Apr 21, 2023 - Podcasts

Justice Clarence Thomas under scrutiny

Supreme Court Justice Clarence Thomas has been in the headlines this month for possible ethics breaches, following a report from ProPublica that for decades he received gifts from a billionaire GOP donor. Pressure is now mounting for action.

  • Plus, a SpaceX rocket launch and explosion.
  • Also, some good news about the Florida panther.
  • And, AI gets into viral music-making.

Guests: Axios' David Lindsey and National Geographic's Carlton Ward Jr.

Credits: Axios Today is produced by Niala Boodhoo, Alexandra Botti, Fonda Mwangi and Alex Sugiura. Music is composed by Evan Viola. You can reach us at [email protected]. You can text questions, comments and story ideas to Niala as a text or voice memo to 202-918-4893.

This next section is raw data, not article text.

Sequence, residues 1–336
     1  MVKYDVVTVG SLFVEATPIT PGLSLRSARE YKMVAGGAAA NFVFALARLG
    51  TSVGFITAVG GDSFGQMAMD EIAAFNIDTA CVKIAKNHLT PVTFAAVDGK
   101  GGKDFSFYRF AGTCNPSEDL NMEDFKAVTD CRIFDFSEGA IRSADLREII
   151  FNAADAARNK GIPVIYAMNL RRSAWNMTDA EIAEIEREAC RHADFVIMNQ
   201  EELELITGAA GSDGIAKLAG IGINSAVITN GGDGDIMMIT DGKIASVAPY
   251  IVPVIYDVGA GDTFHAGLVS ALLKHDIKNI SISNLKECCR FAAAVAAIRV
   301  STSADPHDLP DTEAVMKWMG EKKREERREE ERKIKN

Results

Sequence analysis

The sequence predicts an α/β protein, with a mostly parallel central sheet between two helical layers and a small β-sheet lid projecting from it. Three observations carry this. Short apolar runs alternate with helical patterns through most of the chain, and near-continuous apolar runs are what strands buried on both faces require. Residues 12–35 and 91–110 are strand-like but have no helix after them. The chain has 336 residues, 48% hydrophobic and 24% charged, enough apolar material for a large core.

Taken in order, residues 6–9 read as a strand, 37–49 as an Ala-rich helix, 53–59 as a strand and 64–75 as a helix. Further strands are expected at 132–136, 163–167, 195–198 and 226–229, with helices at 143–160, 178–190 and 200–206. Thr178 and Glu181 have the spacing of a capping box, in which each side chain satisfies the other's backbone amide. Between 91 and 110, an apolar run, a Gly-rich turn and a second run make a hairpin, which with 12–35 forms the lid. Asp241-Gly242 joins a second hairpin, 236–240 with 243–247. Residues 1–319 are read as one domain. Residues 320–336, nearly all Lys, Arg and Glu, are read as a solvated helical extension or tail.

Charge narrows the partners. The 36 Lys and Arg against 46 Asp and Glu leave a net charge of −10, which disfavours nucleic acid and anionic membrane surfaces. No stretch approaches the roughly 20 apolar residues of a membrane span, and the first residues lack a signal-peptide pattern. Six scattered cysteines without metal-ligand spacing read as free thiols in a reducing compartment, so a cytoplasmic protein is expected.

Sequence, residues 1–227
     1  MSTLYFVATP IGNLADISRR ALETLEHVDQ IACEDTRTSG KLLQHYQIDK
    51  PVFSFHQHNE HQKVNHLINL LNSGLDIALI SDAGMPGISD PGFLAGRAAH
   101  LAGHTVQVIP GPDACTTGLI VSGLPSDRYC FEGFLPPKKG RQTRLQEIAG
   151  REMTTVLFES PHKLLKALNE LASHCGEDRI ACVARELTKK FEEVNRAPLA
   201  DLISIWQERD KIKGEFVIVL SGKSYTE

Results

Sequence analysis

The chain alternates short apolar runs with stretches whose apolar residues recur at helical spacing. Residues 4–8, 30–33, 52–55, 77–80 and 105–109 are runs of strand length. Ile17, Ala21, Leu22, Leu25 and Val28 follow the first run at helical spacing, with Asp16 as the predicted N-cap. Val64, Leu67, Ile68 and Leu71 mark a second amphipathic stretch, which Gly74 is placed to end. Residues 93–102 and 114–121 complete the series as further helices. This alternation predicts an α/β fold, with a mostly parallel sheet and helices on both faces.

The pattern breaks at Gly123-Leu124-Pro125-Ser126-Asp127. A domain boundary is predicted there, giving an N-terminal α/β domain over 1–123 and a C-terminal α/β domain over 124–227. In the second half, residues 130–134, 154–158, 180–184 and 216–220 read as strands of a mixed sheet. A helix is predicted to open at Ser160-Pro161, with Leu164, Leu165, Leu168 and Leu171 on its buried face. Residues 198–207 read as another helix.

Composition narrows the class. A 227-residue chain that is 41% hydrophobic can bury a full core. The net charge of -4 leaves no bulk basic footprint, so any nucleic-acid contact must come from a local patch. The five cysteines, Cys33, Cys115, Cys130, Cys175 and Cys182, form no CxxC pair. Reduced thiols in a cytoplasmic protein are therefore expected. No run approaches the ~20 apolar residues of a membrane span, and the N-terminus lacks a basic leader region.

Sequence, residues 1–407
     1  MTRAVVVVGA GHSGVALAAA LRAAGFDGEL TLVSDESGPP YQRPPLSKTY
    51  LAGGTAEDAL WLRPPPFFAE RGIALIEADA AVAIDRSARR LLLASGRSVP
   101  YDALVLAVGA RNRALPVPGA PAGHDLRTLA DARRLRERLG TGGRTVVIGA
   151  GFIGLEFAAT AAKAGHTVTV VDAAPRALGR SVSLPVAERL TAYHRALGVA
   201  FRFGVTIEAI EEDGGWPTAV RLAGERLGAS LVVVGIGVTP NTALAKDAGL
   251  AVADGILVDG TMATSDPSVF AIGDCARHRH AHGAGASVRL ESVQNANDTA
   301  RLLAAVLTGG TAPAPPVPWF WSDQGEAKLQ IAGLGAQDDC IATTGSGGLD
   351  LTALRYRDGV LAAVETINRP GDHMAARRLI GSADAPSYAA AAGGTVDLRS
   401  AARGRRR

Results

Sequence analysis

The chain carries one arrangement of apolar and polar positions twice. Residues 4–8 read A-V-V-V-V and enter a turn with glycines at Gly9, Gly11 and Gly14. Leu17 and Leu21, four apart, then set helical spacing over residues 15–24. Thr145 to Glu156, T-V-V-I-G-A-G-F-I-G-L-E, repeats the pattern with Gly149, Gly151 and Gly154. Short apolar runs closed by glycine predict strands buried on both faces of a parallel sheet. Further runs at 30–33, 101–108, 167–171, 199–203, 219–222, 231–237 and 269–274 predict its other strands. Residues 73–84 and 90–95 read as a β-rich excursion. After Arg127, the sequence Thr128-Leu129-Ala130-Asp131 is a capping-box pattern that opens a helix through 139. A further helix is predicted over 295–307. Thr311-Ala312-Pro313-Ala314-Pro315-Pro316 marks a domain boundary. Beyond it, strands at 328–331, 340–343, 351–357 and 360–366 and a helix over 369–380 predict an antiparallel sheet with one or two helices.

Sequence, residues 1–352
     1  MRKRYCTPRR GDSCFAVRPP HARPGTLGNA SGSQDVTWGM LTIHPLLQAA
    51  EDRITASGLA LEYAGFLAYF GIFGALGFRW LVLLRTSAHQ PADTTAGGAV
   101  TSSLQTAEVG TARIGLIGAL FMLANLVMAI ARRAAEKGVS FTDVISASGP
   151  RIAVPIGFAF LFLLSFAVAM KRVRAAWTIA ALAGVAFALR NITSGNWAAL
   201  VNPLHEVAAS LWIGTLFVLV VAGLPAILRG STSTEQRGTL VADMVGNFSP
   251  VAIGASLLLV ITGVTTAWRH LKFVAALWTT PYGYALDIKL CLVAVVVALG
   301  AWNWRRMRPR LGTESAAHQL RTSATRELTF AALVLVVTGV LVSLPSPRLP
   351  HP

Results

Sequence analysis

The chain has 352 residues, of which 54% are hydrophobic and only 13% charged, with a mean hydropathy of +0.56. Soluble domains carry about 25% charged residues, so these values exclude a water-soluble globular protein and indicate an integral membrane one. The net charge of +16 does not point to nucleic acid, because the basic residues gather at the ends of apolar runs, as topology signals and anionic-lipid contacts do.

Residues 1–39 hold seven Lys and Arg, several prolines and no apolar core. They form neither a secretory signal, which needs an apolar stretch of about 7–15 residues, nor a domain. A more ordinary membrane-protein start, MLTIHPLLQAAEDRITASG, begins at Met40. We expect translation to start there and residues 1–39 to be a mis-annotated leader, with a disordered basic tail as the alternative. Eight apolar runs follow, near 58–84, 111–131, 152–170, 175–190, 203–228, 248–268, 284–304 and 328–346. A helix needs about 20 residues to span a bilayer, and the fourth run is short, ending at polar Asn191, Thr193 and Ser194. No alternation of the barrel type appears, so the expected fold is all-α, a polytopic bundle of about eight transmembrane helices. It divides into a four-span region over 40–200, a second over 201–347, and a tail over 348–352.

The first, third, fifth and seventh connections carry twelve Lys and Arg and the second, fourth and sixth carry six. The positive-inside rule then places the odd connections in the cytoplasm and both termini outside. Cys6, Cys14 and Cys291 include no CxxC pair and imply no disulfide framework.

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NIALA: Good morning! Welcome to Axios Today!

It’s Friday, April 21st.

I’m Niala Boodhoo.

Here’s what we’re following today: a SpaceX rocket launch and explosion. And, AI gets into viral music-making. Plus: some good news about the Florida panther. But first, Justice Clarence Thomas under scrutiny. That’s our One Big Thing.

Justice Clarence Thomas under scrutiny

NIALA: Supreme Court Justice Clarence Thomas has been in the headlines this month for possible ethics breaches, following a report from ProPublica that for decades he received gifts from a billionaire GOP donor. Pressure is now mounting for action, and yesterday the Senate Judiciary Committee requested testimony from Chief Justice John Roberts about the ethical standards of the Supreme Court.

Here for our Friday's state of play is Axios’ Managing Editor of Politics David Lindsey.